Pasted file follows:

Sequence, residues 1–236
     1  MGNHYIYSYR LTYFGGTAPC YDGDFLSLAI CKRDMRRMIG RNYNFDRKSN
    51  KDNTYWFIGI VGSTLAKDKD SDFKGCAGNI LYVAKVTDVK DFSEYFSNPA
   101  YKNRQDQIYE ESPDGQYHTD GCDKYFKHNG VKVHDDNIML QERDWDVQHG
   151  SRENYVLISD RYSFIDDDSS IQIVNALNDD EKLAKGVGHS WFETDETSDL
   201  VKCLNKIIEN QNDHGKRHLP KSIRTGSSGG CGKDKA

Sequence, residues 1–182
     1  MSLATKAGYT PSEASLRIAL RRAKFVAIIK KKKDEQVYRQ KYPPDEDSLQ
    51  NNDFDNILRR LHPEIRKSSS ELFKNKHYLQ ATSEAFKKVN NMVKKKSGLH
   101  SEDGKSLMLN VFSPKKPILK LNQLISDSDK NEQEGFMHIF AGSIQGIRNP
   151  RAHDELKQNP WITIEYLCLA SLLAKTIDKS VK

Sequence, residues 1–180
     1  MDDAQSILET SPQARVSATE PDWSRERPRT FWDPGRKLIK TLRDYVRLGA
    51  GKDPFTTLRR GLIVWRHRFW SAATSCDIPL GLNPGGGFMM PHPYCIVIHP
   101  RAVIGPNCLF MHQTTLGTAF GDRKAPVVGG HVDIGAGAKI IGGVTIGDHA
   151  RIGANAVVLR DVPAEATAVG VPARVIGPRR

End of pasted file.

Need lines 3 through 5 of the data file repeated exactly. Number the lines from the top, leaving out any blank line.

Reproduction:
    51  KDNTYWFIGI VGSTLAKDKD SDFKGCAGNI LYVAKVTDVK DFSEYFSNPA
   101  YKNRQDQIYE ESPDGQYHTD GCDKYFKHNG VKVHDDNIML QERDWDVQHG
   151  SRENYVLISD RYSFIDDDSS IQIVNALNDD EKLAKGVGHS WFETDETSDL